Washington, DC — The Interior Department directed its scientists to exclude any assessments of the high likelihood that offshore oil drilling would introduce invasive species into Arctic waters, according to internal agency e-mails released today by Public Employees for Environmental Responsibility (PEER). As a result, careful review of the invasive species impacts was short-circuited to speed issuance of permits for exploration and development despite clear warnings of serious environmental dangers.
Interior’s Minerals Management Service (MMS) went so far as to remove its specialist from further work on the issue because he “refused to implement DOI [Interior] and MMS policy vis-à-vis invasive species” which is that –
“Bottom line: No information regarding seismic vessels introducing invasive species on the OCS [Outer Continental Shelf]…”
This directive came in response to a June 14, 2006 e-mail from now former MMS biologist Jeff Childs, who wrote his chain-of-command –
“Again, I am warning you that MMS permitted activities that involve bringing vessels, rigs, platforms, etc. to Alaska from Outside are likely to bring with them species that are not native to Alaska, some of which may be introduced and become invasive species…The introduction [of] non-native species to Alaska waters that subsequently become invasive may very well yield much greater significant adverse impacts than a large oil spill.”
To justify its stance, MMS claimed that the issue of invasive species was the unique province of the U.S. Coast Guard. Childs, however, made clear that exotic species would likely take root “without additional mitigation measures beyond those in the existing U.S. Coast Guard regulations which do not prevent such introductions.” Childs added that the Coast Guard “specifically acknowledged such” in its assessments.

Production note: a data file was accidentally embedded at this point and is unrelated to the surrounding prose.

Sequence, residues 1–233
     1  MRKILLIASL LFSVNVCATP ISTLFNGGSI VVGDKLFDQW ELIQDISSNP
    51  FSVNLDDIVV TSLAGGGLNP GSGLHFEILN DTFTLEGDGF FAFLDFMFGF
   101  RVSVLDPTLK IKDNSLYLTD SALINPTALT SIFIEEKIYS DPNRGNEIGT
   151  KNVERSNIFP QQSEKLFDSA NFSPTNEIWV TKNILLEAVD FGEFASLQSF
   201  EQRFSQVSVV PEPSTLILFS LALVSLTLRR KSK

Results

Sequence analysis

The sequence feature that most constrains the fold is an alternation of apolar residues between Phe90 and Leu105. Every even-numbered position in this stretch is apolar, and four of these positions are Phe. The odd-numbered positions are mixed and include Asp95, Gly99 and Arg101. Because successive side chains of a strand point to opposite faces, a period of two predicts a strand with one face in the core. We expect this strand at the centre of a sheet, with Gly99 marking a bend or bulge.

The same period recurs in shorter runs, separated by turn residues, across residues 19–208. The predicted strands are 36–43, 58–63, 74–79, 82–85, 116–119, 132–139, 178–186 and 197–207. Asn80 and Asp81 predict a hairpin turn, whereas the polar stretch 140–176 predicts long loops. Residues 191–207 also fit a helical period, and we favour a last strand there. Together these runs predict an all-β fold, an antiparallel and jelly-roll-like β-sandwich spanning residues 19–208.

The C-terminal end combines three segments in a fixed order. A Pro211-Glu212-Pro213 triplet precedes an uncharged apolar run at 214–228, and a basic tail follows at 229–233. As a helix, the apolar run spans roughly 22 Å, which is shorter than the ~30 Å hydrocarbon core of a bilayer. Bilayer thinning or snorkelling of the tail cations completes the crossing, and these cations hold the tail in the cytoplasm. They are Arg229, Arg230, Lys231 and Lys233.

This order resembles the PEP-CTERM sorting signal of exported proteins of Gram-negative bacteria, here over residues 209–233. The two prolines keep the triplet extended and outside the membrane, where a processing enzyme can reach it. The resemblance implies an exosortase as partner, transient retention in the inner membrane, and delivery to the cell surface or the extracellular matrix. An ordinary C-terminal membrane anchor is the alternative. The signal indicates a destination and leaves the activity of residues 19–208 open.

“Something is rotten in Alaska,” stated PEER Executive Director Jeff Ruch, noting that invasive species were only one of several environmental issues in which agency scientists’ work was suppressed or altered. “It is unconscionable that Interior is hiding behind the bureaucratic dodge that ‘it is not my department’ in suppressing analysis of what may be a major and irreversible changes in the Arctic ecosystem.”
While MMS contends that it has done complete environmental assessments of its Arctic offshore drilling permits, its own specialists – many of whom have left in recent months – vehemently disagree. After he was removed from any role on invasive species issues and his work on native fish populations was altered, Childs resigned from MMS in disgust. In addition, MMS chose to ignore state and federal experts who seconded the warnings from MMS staff scientists.
Congress is now holding hearings on MMS plans to open vast areas of the Chukchi, Beaufort and Bering Seas to petroleum development before the end of the Bush administration.